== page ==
As a final note, I want to mention timings. Generally speaking, we’re very woolly on these. Sometimes this is deliberate sometimes it’s just to make things easier. I know that Aragorn has to decide whether to pay his resource and re-ready when he commits to the quest (not after staging), but another player in our 4-player games never seems to grasp this detail. I’m not sure whether it’s deliberate on their part, but I’ve given up trying to explain, and it’s not really hurting anyone. 


The last thing I’d say – there is always an action window!


What are other people’s thoughts on this? I really don’t think there’s an objective “right” or “wrong” for something like this going on in your own home – an organised play even would be a different matter. That said, I’m interested to know how other people find playing the game best suits them.


2 thoughts on “House Rules: ok?

  1. Joe Zimmerman

    As long as we know the rules correctly, my group tends to follow them. The only rule that we blatently abandon is single copies of unique characters/attachments. This is simply because we don’t tend to build our decks together, so whatever decks we bring, we’ll play with which can cause numerous decks to have Horn/Steward of Gondor, Arwen ally, etc. We’ve just given up trying to adhere to that rule so that we can each have the deck that we want.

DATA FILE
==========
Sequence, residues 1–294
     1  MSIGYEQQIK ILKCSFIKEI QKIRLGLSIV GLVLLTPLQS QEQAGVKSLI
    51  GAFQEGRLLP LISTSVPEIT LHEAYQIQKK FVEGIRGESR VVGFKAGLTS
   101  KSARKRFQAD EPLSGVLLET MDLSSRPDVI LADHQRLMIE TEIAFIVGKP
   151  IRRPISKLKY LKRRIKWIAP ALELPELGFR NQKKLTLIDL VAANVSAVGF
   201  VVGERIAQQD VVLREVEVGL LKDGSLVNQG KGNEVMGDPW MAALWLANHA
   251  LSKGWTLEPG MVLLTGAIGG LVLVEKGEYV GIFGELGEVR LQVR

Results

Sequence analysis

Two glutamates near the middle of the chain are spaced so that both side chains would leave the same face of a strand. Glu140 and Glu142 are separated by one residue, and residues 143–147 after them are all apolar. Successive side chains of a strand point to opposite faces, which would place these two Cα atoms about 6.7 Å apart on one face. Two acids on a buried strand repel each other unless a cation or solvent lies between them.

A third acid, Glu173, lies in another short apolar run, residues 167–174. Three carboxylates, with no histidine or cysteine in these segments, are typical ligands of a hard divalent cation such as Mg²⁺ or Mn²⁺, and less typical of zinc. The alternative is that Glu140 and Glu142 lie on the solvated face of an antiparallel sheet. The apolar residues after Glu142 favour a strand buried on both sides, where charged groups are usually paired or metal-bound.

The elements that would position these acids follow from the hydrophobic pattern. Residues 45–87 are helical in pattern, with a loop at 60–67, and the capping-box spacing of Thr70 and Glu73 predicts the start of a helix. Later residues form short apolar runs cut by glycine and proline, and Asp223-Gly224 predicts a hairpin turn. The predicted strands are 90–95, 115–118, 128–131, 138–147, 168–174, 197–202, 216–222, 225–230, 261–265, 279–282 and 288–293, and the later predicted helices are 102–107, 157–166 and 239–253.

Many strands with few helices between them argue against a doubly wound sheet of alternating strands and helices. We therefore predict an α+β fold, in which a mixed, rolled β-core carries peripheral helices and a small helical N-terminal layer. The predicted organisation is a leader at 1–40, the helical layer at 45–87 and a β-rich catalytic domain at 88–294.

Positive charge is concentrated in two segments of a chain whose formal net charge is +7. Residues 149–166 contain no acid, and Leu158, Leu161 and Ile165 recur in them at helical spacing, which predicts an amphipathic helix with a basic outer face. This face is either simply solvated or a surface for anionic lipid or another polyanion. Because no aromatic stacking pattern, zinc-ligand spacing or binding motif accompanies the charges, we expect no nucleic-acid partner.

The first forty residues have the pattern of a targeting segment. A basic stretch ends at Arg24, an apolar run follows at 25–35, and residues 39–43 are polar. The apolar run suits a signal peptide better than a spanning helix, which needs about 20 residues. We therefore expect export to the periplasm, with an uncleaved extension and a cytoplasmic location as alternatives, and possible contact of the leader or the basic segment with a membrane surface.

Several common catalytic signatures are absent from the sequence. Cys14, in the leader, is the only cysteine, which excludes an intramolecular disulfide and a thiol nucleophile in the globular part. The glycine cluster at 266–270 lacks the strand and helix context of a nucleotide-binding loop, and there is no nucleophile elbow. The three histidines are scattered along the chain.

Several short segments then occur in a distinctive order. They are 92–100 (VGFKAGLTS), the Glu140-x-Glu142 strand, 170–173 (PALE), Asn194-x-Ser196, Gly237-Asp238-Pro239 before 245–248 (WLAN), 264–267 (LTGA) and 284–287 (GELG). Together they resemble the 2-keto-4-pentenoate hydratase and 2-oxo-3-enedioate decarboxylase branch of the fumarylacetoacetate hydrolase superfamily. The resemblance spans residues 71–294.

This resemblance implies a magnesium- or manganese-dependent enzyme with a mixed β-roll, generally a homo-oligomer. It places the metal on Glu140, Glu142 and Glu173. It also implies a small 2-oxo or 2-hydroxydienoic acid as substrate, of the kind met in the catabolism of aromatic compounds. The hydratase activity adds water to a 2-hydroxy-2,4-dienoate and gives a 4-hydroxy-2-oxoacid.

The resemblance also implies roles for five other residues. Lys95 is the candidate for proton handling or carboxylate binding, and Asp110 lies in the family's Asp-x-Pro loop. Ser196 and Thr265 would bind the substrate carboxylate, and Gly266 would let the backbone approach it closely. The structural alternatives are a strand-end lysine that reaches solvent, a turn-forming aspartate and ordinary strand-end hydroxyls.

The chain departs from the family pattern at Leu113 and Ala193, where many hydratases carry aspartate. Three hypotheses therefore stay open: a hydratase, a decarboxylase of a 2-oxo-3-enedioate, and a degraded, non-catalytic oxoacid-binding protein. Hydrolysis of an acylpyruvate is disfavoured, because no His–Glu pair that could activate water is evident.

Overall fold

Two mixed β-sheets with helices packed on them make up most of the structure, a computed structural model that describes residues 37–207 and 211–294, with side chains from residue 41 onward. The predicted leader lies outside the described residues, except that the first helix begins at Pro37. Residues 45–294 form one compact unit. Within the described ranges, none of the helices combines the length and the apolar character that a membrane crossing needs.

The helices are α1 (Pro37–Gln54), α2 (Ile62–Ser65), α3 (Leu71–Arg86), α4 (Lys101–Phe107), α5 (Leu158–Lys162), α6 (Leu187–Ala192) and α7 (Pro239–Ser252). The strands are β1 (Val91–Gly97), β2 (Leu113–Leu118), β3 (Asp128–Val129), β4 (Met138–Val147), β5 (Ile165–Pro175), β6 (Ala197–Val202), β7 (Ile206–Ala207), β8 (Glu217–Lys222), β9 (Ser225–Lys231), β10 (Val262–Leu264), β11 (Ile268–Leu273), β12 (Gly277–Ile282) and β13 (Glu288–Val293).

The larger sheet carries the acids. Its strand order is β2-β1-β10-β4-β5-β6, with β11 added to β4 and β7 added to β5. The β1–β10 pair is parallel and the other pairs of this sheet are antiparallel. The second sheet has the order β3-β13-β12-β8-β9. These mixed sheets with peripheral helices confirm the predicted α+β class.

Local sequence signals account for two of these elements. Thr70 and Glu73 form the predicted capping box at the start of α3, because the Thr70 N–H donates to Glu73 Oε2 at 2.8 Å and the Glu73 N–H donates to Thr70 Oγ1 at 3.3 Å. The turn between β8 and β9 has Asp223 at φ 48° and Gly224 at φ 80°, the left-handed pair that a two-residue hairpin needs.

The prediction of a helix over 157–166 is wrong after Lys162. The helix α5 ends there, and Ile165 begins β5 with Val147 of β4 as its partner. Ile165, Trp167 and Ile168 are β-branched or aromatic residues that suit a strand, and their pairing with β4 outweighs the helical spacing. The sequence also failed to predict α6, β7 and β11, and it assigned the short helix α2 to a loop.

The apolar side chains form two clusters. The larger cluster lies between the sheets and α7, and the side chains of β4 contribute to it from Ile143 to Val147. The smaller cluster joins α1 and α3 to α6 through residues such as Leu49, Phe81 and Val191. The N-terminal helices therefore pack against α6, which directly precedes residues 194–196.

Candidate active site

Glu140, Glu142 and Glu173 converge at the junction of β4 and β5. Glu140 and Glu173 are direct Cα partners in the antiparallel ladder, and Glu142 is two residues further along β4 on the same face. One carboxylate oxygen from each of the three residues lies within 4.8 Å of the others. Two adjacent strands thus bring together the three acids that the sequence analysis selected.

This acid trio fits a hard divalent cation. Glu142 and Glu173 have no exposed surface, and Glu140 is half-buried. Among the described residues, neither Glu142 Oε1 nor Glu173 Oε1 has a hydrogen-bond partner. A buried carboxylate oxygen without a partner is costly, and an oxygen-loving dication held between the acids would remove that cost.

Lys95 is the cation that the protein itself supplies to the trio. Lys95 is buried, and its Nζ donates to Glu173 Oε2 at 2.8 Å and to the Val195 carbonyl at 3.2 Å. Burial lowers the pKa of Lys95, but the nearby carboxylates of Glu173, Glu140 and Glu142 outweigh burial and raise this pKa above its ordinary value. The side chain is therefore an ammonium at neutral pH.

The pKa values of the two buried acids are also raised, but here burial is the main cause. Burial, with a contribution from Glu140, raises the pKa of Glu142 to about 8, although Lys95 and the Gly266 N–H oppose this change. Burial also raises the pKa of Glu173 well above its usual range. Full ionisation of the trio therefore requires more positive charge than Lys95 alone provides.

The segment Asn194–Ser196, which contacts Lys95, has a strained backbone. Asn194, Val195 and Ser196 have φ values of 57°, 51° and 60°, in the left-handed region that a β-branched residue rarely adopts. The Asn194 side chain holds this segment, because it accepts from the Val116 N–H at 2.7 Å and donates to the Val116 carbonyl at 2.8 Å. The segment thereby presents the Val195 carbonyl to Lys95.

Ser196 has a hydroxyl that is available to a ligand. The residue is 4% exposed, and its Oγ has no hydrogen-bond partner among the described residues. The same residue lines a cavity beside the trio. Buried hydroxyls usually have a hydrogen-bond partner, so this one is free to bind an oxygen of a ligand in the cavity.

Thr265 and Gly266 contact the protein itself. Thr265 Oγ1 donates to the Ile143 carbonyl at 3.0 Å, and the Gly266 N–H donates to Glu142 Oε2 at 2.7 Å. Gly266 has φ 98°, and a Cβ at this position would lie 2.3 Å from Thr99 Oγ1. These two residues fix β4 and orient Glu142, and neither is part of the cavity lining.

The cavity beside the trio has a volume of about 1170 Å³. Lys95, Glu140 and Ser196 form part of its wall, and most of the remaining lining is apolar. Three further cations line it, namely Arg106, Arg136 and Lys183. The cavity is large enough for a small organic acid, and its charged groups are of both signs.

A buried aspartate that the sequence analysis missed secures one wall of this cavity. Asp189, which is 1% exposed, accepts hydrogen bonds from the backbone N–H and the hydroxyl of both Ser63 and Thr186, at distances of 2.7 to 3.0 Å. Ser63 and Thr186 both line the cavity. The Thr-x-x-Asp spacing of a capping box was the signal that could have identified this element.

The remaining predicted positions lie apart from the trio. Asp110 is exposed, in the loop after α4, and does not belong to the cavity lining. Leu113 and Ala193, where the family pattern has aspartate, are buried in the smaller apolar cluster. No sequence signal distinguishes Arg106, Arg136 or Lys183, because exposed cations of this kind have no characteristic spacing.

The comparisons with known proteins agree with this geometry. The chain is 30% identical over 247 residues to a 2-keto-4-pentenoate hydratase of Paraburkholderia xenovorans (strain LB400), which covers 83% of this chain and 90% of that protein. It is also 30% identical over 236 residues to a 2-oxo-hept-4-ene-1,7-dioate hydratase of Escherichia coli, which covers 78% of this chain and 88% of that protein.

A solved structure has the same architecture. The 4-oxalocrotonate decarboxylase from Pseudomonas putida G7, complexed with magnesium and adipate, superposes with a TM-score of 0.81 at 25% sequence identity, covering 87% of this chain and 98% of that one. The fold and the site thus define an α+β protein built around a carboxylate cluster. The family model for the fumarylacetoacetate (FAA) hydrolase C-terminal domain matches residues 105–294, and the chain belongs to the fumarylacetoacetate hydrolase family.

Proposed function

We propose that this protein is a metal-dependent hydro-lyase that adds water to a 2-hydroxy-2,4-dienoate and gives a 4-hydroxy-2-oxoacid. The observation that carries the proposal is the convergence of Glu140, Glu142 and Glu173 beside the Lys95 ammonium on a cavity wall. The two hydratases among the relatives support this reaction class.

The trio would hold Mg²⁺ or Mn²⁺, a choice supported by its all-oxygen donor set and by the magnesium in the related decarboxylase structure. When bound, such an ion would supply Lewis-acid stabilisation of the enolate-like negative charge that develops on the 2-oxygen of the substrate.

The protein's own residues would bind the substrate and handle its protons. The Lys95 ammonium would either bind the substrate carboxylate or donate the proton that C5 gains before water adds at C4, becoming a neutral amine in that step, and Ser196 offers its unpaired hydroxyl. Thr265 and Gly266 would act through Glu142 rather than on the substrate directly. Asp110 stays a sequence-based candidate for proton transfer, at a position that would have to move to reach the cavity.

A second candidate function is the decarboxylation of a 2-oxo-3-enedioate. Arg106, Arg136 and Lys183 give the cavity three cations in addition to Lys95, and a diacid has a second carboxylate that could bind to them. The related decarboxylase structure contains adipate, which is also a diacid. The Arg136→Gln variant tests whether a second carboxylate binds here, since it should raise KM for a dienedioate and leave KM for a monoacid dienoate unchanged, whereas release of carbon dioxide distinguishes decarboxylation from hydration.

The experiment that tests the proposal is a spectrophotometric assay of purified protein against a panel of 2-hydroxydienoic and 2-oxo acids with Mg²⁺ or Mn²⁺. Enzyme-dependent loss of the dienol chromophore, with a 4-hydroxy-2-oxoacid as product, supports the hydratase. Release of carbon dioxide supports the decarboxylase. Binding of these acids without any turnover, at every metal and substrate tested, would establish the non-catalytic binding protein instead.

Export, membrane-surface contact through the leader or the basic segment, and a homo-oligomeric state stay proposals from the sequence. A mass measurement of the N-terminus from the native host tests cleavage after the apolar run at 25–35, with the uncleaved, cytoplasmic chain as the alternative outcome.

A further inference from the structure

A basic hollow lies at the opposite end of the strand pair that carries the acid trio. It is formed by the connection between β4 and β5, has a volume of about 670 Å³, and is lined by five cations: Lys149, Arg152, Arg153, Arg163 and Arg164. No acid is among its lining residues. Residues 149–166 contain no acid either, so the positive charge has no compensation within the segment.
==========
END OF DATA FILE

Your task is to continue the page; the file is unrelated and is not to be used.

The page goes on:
2. Glowwyrm

    I think this is my first time commenting here, but I’ve been reading your stuff and I enjoy your blog.

    House Rule to your heart’s content! The biggest rule I completely ignore is tabletalk. When I play in a group, we openly show each other cards in our hands to think through potential combinations, and we reveal any scried cards from the encounter deck. To me, this enhances the cooperative nature of the game because we are working together, rather than detracts from it. And it’s fun to bounce ideas off each other and see the game from another perspective. I’ve picked up a lot of clever tricks from cooperating with others. I know that some people are hardcore into the rule, but I just don’t get it.

    Other than that, I rarely change anything because I like to follow the rules, but some rules are just dumb (like the Bard – Smaug thing) and they must go. I hate when they nerf something in a FAQ because it creates a broken combo (I didn’t mind the Zigil nerf, and I think he is balanced now). If you’re playing by yourself and you want to draw your whole deck in one turn, go for it. Who cares? If you bring that deck to a multi-player game, I (and I’m sure everyone else who comes to the table) am going to ask you to not play that deck, because watching you draw is boring for the rest of us. I think developers often rely on the meta-game to police competitive card games, and I think that would be the case in the cooperative game too. Players will rule out decks and styles they find annoying/broken by asking the people who brought them to switch it up. If they’re worried about competitive play, a simple restricted list would do for tournaments.

    Anyway, these arguments have been hashed and rehashed on various forums, but then again, I don’t think I’ve ever played a game in which house rules played such a legitimate role in the game experience. I’m sure I could think of more stuff, but I’ll stop there.